While Philippe’s goal of becoming the Executive Chef at Ashford was once just that, a goal, achieving this has created fresh aspirations for the Frenchman. As the head of a team of 50 staff, Philippe is certainly not finished reaching for the stars.
“We have dreams, we have goals. We want to be the best hotel in Ireland and I want to be the best chef in Ireland. It is very important for me to have goals in my life, it doesn’t matter if you get there or not, if you have goals you work at your best.”
On the topic of goals, I have to ask if the plan for George V is to mirror the success of Lady Helen in Mount Juliet, or the Cliff Restaurant in The Cliffhouse, two exceptional hotel restaurants which have achieved Michelin stars of their own. Philippe confirms that such a distinction is what he is aiming for in George V, but it seems he sees himself as the conductor of a much wider culinary orchestra in the most grandiose setting imaginable.
Philippe notes that across the three on-site restaurants and from breakfast to Afternoon Tea, the benchmark he and his team reach for is the same – “The goal for us is to please every guest every day”, he tells me, noting that this standard has to be attained across the board, to ensure Ashford Castle is the best, in every facet of operation. The bottom line, Philippe says, is that every guest is served the same way, wherever they eat in Ashford, indulging in a fine dining experience or not.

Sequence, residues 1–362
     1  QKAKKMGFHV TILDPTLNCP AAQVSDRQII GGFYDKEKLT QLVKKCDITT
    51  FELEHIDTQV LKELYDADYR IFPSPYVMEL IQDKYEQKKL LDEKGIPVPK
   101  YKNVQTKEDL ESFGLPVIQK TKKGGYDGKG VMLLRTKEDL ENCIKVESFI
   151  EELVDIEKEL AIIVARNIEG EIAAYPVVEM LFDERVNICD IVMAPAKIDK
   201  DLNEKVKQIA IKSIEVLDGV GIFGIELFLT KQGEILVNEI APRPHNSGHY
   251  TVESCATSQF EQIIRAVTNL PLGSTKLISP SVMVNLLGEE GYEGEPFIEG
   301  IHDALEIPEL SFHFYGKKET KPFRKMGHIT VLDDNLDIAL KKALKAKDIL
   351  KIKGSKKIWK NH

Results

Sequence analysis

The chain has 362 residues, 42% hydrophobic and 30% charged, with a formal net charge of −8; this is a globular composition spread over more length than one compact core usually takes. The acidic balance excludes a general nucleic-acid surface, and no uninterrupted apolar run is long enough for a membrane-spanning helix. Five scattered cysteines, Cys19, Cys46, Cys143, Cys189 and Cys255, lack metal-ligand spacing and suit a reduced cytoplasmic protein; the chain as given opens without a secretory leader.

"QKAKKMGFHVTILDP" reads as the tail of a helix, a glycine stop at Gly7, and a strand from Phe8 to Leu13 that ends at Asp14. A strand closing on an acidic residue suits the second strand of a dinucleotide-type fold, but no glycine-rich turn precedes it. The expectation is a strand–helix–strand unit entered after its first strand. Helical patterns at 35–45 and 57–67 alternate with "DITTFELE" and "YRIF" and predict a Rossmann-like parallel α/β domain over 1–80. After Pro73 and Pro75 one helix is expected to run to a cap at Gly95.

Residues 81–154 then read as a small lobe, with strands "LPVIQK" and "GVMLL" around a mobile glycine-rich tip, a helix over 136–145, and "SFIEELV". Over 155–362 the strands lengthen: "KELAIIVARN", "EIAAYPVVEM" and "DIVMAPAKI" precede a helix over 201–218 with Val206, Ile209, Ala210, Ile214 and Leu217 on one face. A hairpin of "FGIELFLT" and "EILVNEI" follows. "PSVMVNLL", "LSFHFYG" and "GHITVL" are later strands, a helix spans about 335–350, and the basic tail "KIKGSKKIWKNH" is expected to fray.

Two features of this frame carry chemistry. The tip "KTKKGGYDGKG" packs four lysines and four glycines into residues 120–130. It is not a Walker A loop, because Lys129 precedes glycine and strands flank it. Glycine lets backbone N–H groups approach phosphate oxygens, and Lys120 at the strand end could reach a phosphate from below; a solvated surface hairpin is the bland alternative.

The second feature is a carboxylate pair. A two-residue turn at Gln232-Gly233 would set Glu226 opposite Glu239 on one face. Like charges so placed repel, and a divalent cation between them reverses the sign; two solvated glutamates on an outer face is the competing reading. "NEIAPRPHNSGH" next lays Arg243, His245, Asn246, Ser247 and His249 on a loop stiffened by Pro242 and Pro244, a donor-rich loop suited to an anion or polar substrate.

No doubt a proud Frenchman, Philippe is nevertheless honest when asked how Irish produce shapes up in comparison to that available in his capital of gastronomy homeland. Passionate about the produce he can obtain just a stone’s throw from the Estate, Philippe believes “lamb from Achill Island is as good as what we can find in France. No doubt about it. The cheese, we have started to have some amazing producers, like blue cheese, Young Buck. The vegetables grown by organic producers here, like the carrots, are as good or even better than the ones in France”, he says.
Contemplating the surge in small Irish producers offering ingredients of exceptional quality, Philippe becomes more animated and is clearly impassioned by this artisan craft movement. “The products are coming along, in the last ten years there has been a massive, massive improvement here” he believes. “People coming with new ideas and you can see how we have changed. It is fantastic and amazing to see that. The produce is as good or even better here, as long as you find the right person.” Philippe sees this movement as a silver lining on the dark cloud of the recessionary times in Ireland.
People have learned, the recession has been good to Ireland in that regard because people had to start to think again. There’s lot of gin coming out, a lot of whiskey, ask yourself, would that happen if it was an easy life like 15 years ago? Maybe not.
Philippe’s unique selling point is far from just a catchy tagline he pays lip service to. “French Heart, Irish Produce” is the motto of a Frenchman so dedicated to utilising Irish produce that his haute cuisine menu involves the barest mention of Franco-luxury staple foie gras. Highlighting the fact that foie gras isn’t produced here in Ireland, which he says baffles him considering the prime climate for ducks and recent emergence of two escargot producers, Philippe has no desire to stray from his locavore sourcing policy. In Cong, Co. Mayo, Philippe is surrounded by a veritable treasure trove of producers.